The Media Recorder API is the new HTML5 API for recording video in the browser.
With Firefox supporting it for at least 2 years and Chrome having implemented it at the beginning of this year, we wanted to see just how many Internet users can actually use it, if, as a developer, you decide to implement video recording in your website using this API.
We just had to find the exact versions that supported basic audio and video recording and measure the market share of those browsers against a large dataset.
Chrome 49 was just released 2 months ago on the 2nd of March but because of it’s automatic update system, just a small amount of users still use an older version. Chrome is now at version 51.
Chrome 49+ can record both VP8 and VP9 video (with H.264 coming in Chrome 52) and it uses Opus @ 48kHz for audio.
Firefox supports the Media Recorder API since at least version 30, released 2 years ago on June 10 2014. Firefox 30 is the 1st version we managed to get both audio and video working properly.
Firefox 30+ uses Vp8 for video and Vorbis @ 44.1 kHz for audio.
Internet Explorer, Edge, Safari and Opera have not implemented the Media Recorder API.
Unfortunately the Media Recorder API is only supported by Chrome for Android. That’s one of the reasons in this article we’re only measuring the desktop browsers that support the API.
To measure the browser version market share we’ve chosen StatCounter’s Global Stats which aggregates page views from 3 million websites:
Stats are based on aggregate data collected by StatCounter on a sample exceeding 15 billion pageviews per month collected from across the StatCounter network of more than 3 million websites.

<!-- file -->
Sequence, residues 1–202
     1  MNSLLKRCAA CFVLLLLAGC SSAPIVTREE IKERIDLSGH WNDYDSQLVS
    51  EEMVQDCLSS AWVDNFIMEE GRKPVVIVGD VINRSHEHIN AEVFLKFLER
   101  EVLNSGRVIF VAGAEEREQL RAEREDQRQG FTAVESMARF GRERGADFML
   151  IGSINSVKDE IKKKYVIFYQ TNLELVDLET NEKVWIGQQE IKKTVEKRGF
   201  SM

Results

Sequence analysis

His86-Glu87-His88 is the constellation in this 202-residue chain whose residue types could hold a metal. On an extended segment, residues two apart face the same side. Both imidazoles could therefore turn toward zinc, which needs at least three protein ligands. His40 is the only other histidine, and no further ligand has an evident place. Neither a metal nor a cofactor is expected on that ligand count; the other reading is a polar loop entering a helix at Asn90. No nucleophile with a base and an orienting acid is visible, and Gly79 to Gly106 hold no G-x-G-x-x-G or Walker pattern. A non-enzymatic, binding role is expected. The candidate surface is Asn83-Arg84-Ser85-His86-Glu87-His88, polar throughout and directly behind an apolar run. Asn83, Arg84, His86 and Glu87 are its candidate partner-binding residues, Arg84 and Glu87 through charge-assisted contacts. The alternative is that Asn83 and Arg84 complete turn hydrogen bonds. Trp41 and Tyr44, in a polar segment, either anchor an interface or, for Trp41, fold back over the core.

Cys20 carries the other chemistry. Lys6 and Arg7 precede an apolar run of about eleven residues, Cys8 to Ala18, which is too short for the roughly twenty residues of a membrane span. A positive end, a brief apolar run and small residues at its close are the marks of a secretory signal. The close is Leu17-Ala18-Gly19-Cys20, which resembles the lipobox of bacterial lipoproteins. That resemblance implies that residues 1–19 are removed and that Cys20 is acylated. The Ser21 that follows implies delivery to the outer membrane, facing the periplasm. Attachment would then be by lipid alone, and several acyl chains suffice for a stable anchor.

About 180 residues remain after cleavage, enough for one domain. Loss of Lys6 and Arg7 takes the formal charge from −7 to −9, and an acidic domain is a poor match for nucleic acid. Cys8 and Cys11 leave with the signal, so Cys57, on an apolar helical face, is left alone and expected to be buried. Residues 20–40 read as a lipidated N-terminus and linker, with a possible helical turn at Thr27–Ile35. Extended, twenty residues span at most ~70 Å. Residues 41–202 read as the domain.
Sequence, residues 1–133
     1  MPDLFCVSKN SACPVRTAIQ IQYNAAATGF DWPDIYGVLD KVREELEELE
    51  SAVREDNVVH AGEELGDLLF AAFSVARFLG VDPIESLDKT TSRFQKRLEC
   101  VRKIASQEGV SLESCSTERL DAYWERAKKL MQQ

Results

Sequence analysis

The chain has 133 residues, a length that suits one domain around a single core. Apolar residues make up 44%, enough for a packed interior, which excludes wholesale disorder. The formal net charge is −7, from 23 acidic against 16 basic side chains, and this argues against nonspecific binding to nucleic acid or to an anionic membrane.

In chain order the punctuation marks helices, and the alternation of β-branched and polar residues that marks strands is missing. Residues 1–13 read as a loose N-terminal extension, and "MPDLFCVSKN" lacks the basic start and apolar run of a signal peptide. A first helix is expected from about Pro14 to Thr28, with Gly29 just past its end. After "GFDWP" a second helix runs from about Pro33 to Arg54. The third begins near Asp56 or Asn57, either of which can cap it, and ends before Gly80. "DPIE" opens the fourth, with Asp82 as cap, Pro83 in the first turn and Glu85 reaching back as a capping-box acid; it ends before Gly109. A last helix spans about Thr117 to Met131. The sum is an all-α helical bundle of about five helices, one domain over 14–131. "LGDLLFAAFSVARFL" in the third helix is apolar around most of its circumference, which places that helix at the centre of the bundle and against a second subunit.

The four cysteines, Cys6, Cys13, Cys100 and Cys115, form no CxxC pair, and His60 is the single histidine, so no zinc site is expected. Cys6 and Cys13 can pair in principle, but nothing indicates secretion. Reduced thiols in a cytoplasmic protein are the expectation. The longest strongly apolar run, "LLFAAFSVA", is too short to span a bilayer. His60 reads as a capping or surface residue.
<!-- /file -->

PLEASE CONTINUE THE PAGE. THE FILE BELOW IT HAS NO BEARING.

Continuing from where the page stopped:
They do measure page views, not users, but have in mind:
- page views is the best we’ve got as individual users are rather impossible to measure accurately across mobile, desktop, tables and various browsers
- no method of measuring browser market share is accurate
- we’re using a large data set with 15 billion page views
We’ve also considered W3Schools’s Browser Statistics but the data set is much smaller and the user base is skewed towards technologists who might install more than the default OS browser.
So, using StatCounter’s Global Stats, we’ve generated a report for the entire month of May 2016 with the following settings:
- Platform: Desktop
- Statistic: Browser Version
- Region: Worldwide
- Period: May 2016
We’ve chosen the entire month of May because it’s the largest recent data set that’s easily comparable against other data from other sources and other months. May is also 2 full months after Chrome’s 49 release on the 2nd of March.
The generated chart image only shows the 1st 12 browser versions but the .csv file contains detailed market share for 167 browser versions. So we’ve imported the .csv file into Google Sheets and isolated the market share of Chrome 49+ and Firefox 30+. You can review the spreadsheet here.
65% of the desktop page views in May 2016 were requested by browsers which supported the Media Recorder API.
- Thanks to Chrome, in 2 months, Media Recorder API support jumped from 15% to 65%
- The 65% number will grow slowly in the next period since there are no (public) plans to support Media Recorder API in the other major browsers
- Some growth will come from old Chrome versions being updated (8% of total page views)
- Chrome has grown in market share since April 2015 by a huge 7.5% compared to other browsers, if this trend continues, the Media Recorder API support will see the growth as well
- It’s surprising how big of a market share Chrome actually has (58%)
More about the MediaStream Recording API on our blog: